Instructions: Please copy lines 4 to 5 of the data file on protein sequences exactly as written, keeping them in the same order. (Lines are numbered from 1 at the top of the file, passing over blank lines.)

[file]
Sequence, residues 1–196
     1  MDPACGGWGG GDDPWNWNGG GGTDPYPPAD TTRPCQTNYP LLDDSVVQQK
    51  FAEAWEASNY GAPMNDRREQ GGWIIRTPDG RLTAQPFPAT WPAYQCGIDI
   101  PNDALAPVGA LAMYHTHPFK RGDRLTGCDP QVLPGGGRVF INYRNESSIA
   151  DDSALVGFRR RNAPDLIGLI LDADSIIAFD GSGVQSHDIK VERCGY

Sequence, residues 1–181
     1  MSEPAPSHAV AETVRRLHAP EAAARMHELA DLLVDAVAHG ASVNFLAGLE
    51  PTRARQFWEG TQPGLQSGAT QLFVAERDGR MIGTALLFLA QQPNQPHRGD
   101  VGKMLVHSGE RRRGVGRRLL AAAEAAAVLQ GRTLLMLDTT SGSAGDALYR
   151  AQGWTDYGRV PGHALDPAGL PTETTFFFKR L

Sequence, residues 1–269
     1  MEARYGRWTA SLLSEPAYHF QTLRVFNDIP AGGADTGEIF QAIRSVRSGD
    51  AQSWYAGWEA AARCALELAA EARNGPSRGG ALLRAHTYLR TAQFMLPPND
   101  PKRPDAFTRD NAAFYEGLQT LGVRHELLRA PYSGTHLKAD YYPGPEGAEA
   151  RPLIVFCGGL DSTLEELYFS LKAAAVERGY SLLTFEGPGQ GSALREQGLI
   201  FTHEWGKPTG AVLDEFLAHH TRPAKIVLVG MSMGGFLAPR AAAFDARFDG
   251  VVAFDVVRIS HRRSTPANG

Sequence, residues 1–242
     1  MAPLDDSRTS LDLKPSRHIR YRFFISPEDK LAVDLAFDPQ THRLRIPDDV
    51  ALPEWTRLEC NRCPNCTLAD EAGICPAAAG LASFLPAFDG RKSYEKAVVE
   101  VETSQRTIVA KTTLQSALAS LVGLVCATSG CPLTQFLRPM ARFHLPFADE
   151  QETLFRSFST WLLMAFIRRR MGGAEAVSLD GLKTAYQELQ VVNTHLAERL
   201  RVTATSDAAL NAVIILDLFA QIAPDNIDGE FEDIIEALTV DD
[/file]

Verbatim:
   101  PNDALAPVGA LAMYHTHPFK RGDRLTGCDP QVLPGGGRVF INYRNESSIA
   151  DDSALVGFRR RNAPDLIGLI LDADSIIAFD GSGVQSHDIK VERCGY